public Employee createEmployee(@Valid @RequestBody Employee employee) {
		return employeeRepository.save(employee);

	public ResponseEntity<Employee> updateEmployee(@PathVariable(value = "id") Long employeeId,
			@Valid @RequestBody Employee employeeDetails) throws ResourceNotFoundException {
		Employee employee = employeeRepository.findById(employeeId)
				.orElseThrow(() -> new ResourceNotFoundException("Employee not found for this id :: " + employeeId));

		final Employee updatedEmployee = employeeRepository.save(employee);
		return ResponseEntity.ok(updatedEmployee);

	public Map<String, Boolean> deleteEmployee(@PathVariable(value = "id") Long employeeId)
			throws ResourceNotFoundException {
		Employee employee = employeeRepository.findById(employeeId)
				.orElseThrow(() -> new ResourceNotFoundException("Employee not found for this id :: " + employeeId));

		Map<String, Boolean> response = new HashMap<>();
		response.put("deleted", Boolean.TRUE);
		return response;

Exception(Error) Handling for RESTful Services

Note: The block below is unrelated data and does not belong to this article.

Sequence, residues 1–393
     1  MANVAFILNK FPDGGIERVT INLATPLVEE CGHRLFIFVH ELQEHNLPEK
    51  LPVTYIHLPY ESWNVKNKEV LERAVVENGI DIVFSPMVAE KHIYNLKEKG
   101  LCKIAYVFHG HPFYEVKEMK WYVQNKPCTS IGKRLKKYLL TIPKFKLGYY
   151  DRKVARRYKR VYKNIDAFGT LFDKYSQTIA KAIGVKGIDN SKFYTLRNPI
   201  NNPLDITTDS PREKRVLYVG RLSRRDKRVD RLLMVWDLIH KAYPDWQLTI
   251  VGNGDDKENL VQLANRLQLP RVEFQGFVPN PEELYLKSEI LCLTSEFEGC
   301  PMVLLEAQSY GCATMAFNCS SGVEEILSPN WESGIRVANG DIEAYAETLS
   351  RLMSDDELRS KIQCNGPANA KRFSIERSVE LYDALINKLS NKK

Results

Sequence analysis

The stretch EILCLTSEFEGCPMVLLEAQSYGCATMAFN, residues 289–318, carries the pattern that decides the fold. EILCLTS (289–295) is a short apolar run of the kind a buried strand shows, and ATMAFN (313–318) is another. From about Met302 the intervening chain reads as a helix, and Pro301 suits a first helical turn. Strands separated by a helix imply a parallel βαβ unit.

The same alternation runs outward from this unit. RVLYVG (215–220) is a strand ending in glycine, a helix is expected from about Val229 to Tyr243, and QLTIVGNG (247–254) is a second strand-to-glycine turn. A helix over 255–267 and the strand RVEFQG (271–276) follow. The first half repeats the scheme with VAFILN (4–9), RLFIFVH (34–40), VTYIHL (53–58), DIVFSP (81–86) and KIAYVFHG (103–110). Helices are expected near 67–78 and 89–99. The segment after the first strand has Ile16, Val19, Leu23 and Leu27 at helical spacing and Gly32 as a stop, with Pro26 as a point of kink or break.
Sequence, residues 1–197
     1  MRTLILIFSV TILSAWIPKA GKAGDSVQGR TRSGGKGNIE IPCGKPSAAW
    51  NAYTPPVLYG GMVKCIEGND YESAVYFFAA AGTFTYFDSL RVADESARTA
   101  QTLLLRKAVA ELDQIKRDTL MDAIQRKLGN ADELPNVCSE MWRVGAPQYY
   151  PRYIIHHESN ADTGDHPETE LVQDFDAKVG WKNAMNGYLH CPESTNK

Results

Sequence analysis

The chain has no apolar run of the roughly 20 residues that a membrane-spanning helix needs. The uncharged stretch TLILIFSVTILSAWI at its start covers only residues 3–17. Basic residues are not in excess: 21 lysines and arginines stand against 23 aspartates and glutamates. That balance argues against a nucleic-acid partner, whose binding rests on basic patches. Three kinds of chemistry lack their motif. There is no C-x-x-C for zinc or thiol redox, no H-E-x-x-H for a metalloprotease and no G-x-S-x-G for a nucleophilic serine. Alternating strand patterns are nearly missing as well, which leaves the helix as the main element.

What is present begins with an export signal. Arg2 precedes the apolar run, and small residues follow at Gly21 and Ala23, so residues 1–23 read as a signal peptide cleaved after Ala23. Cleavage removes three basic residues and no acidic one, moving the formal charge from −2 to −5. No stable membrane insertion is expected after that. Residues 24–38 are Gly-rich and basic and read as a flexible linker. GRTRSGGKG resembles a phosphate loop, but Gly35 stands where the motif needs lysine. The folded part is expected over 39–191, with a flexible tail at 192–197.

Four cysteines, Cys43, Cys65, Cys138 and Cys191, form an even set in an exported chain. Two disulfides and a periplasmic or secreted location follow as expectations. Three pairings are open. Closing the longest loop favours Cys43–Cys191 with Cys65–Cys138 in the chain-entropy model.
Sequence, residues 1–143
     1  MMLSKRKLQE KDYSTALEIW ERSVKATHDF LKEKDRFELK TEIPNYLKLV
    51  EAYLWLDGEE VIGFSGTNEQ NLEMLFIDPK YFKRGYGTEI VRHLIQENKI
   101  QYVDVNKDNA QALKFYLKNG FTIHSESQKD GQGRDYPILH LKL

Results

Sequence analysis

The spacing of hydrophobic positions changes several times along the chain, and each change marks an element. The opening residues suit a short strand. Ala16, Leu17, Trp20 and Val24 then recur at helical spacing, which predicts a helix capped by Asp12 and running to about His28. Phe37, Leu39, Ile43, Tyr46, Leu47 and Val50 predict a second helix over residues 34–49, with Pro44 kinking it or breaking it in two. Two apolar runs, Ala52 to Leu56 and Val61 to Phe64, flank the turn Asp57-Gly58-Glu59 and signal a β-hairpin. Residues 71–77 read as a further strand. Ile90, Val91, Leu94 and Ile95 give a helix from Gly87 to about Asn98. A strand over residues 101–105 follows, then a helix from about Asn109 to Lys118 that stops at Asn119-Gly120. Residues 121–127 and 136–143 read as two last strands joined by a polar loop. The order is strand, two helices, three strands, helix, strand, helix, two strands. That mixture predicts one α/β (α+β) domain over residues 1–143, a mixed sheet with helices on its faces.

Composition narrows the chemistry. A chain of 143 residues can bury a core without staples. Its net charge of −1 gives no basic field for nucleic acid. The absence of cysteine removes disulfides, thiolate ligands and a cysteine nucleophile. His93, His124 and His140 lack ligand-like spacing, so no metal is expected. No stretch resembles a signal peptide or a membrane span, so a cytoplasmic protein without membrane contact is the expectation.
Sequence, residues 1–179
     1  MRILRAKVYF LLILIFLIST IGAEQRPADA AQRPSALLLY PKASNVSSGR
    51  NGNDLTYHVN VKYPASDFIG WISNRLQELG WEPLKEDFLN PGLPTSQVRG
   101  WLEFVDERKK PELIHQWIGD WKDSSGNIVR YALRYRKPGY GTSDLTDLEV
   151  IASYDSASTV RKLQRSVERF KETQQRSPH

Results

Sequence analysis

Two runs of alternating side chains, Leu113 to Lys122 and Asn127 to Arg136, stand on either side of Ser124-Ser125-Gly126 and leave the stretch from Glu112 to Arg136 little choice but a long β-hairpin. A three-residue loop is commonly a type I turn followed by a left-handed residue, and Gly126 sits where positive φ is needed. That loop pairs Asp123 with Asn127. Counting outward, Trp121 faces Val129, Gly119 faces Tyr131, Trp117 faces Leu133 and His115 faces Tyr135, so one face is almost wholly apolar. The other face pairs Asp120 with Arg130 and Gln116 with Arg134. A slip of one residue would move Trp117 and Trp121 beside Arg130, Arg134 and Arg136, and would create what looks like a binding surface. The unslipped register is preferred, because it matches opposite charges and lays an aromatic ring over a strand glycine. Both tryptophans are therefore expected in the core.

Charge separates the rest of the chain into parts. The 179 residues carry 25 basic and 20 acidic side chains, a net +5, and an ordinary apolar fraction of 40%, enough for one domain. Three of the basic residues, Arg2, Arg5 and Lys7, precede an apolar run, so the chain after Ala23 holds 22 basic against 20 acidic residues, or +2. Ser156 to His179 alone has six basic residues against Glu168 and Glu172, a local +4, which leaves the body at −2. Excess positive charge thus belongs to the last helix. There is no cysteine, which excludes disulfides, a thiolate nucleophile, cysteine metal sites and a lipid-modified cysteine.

Let's create a ResourceNotFoundException.java class with following content to it:
package net.javaguides.postgresql.exception;

import org.springframework.http.HttpStatus;
import org.springframework.web.bind.annotation.ResponseStatus;

@ResponseStatus(value = HttpStatus.NOT_FOUND)
public class ResourceNotFoundException extends Exception{

	private static final long serialVersionUID = 1L;

	public ResourceNotFoundException(String message){

Customizing Error Response Structure

Let's create ErrorDetails class with the following content to it:
package net.javaguides.postgresql.exception;

import java.util.Date;

public class ErrorDetails {
	private Date timestamp;
	private String message;
	private String details;

	public ErrorDetails(Date timestamp, String message, String details) {
		this.timestamp = timestamp;
		this.message = message;
		this.details = details;

	public Date getTimestamp() {
		return timestamp;

	public String getMessage() {
		return message;

	public String getDetails() {
		return details;

GlobalExceptionHandler Class

To use ErrorDetails to return the error response, let’s create a GlobalExceptionHandler class annotated with @ControllerAdvice annotation. This class handles exception-specific and global exceptions in a single place.
package net.javaguides.postgresql.exception;

import java.util.Date;

import org.springframework.http.HttpStatus;
import org.springframework.http.ResponseEntity;
import org.springframework.web.bind.annotation.ControllerAdvice;
import org.springframework.web.bind.annotation.ExceptionHandler;
import org.springframework.web.context.request.WebRequest;
import org.springframework.web.servlet.mvc.method.annotation.ResponseEntityExceptionHandler;